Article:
Australia became world leader this week.
But it wasn’t an engineering feat or some sporting achievement – it was an unwelcome title.
According to global databases, Australia led the world with per capita COVID infections (if you ignore the small islands of Montserrat, Anguilla and the Falklands).
On Friday, 54,591 cases were reported across Australia, after two consecutive days of about 58,000 cases, with Western Australia bracing for new infection records.
Saturday’s numbers moved the official seven-day average to more than 48,000 daily cases, leaving Australia behind only Germany and the US in all-new daily cases.
Some countries, such as Denmark, have dropped recommendations for testing for COVID-19 and others have scaled back testing regimes, meaning it is now more difficult to make comparable comparisons around the world.
In Australia, however, hospitalizations and deaths are also following up, with the average number of COVID-related daily deaths reaching 40, doubling since March.
But with the country in the midst of an election campaign — in which COVID is barely mentioned — a war raging in Ukraine, the cost of living soaring and after more than two years of COVID restrictions, the virus has, understandably to some, fallen off the radar.
And the experts understand.
“I’m over it,” said Brendan Crabb, chief executive of Burnet Institute.
“We are all.
“But the numbers we see in Australia are extraordinary. So many people are very sick.
For Professor Crabb, the “disconnect” comes back to what he describes as a fear of “COVID of the past” and “COVID now.”
He said that after two years of extreme fallout, governments and politicians were now afraid to talk about COVID. Instead, he said, they had removed mask mandates and “kept their heads in the sand,” ignoring the key element why cases — and hospitalizations — had now increased: transmission.
And “COVID now,” he said, had a huge impact on society.
“Remember, a lot of COVID is bad for business,” he said. “We can’t ignore that. We’ve been seeing that for months.
And as a nation, we’re also ignoring the health implications. How many of Australia’s more than 350,000 active cases at this point will have chronic effects on your lungs, organs and brain.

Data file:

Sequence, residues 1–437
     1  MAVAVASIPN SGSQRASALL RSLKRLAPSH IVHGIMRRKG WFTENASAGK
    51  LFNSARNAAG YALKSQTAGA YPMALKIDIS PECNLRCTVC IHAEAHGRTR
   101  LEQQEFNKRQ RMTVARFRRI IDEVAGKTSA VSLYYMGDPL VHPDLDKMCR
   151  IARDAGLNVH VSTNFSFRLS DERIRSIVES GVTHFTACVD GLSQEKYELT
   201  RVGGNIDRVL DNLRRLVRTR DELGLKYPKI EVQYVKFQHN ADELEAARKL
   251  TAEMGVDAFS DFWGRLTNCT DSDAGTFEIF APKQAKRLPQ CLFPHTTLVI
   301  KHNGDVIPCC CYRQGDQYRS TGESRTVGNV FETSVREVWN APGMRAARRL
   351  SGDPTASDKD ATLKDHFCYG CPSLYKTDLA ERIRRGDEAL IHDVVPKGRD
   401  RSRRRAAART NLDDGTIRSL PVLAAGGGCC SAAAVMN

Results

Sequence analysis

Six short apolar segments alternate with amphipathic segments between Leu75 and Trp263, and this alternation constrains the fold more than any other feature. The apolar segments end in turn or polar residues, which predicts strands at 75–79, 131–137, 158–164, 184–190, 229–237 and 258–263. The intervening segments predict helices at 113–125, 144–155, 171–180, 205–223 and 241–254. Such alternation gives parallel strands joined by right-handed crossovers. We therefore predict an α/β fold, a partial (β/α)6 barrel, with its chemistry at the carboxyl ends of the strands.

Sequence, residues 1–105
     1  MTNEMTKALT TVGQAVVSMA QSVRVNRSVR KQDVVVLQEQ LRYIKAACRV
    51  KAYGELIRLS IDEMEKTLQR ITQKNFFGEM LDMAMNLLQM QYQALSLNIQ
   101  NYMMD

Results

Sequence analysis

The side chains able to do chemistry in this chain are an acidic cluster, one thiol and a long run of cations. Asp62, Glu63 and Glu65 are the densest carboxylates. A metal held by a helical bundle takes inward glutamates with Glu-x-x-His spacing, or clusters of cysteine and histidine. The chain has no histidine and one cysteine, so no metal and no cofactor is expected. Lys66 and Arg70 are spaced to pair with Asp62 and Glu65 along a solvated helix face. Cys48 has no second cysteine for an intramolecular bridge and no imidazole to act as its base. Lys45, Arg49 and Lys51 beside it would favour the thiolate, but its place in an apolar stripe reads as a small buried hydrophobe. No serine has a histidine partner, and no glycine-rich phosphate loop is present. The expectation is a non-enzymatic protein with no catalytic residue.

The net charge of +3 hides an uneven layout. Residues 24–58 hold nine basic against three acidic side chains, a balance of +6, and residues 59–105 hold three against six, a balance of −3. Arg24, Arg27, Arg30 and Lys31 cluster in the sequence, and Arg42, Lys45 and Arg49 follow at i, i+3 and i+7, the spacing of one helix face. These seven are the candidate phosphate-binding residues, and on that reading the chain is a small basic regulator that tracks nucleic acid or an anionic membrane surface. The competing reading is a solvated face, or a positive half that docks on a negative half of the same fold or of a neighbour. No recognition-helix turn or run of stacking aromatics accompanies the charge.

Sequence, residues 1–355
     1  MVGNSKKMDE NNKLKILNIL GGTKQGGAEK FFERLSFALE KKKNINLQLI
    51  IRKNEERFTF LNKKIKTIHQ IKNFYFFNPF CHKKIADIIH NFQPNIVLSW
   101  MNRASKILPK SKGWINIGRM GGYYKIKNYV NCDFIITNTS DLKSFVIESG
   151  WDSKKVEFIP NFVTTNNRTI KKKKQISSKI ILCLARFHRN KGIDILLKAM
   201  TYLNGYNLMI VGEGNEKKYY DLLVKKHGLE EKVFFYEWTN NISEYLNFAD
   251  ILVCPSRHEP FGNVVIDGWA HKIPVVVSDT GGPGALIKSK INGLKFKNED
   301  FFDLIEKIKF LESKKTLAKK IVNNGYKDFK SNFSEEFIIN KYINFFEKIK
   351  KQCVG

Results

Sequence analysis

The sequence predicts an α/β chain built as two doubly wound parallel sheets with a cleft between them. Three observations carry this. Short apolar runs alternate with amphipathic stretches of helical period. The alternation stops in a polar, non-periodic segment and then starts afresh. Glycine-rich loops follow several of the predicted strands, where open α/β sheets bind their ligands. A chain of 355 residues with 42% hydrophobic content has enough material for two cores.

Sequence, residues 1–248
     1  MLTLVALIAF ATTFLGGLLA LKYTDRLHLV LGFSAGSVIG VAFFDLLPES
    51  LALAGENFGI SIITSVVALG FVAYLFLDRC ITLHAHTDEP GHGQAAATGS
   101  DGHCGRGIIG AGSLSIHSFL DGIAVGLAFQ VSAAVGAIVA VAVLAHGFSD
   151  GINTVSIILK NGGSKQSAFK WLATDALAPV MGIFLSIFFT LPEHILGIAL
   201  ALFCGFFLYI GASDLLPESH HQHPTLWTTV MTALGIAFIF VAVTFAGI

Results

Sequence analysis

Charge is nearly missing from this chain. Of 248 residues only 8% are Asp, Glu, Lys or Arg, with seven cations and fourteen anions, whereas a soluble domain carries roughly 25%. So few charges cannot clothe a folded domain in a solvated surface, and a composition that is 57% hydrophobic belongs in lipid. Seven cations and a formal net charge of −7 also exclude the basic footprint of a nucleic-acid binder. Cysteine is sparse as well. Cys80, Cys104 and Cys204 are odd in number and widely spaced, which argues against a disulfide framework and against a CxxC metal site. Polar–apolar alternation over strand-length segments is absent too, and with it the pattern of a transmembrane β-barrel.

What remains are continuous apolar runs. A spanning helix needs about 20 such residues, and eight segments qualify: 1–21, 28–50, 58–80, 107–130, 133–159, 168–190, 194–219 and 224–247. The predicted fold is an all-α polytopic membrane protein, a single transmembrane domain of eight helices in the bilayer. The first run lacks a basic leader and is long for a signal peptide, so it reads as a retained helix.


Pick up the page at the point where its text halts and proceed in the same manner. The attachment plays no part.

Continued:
“It’s not nothing.”
According to University of Melbourne epidemiologist Nancy Baxter, the numbers could “get worse”.
“We are at a point where COVID is now one of the leading killers of Australians, and will probably be one of the top three by the end of the year,” she told the ABC.
“And with increasing case numbers, new sub-variants [will be] This could push it even further, which would have a bigger impact.”
Cases ‘will rise’
As Professor Baxter suggests, the emergence of new Omicron subvariants in Australia complicates matters.
Experts suggest the variants could lead to people being reinfected, leading to another rise in cases, as seen in South Africa and parts of the US.
Westmead Institute virologist Tony Cunningham, who has studied the evolution of viruses for more than four decades, said the continued emergence of alternative variants around the world was “worrying.”
“We don’t know if any of these new variants will acquire the capacity to infect the lungs to the same extent as, say, Delta.
“There is COVID everywhere. And where there are more viruses in the community, the more likely variants are to develop.”
Epidemiologist Adrian Easterman of the University of South Australia said cases across Australia “will increase”.
“And hospitalization will continue to rise as cases increase,” he said.
“Our governments are relaying the messages that it’s all over. It’s not over yet.
“We’re at the endgame. We’ve got pretty good vaccinations, good treatments, and at least a decent portion of the population that’s immune.
“But it’s not over yet.”
One sector of the community that is well aware that COVID is “not over” is the country’s health professionals.
This week, the Royal Australasian College of Physicians reiterated its call for urgent action against industry burnout and exhaustion, saying “there is no reprieve”.
Australian Medical Association president Omar Khorshid said health professionals felt there was “a deliberate cover-up” of the ongoing challenges COVID-19 posed to the health care system.
“We’re a bit stuck,” he said.
We treat COVID like it’s a cold, and say no masks, play on.
He said health professionals were fed up, especially around reports from politicians that the pandemic was “over”.
“In Perth” [where I’m based]they say it could soon be 20,000 to 25,000 cases per day,” he said.
“And we’ve had a lot of anecdotal reports of people not testing themselves, or when they get a positive test, not taking the result to the government.
“And that obviously has implications for health workers. For example, in WA alone, we currently have about 2,500 health workers.
“We feel that the plight of our public hospitals has not been notified. Our employees cannot understand it.”
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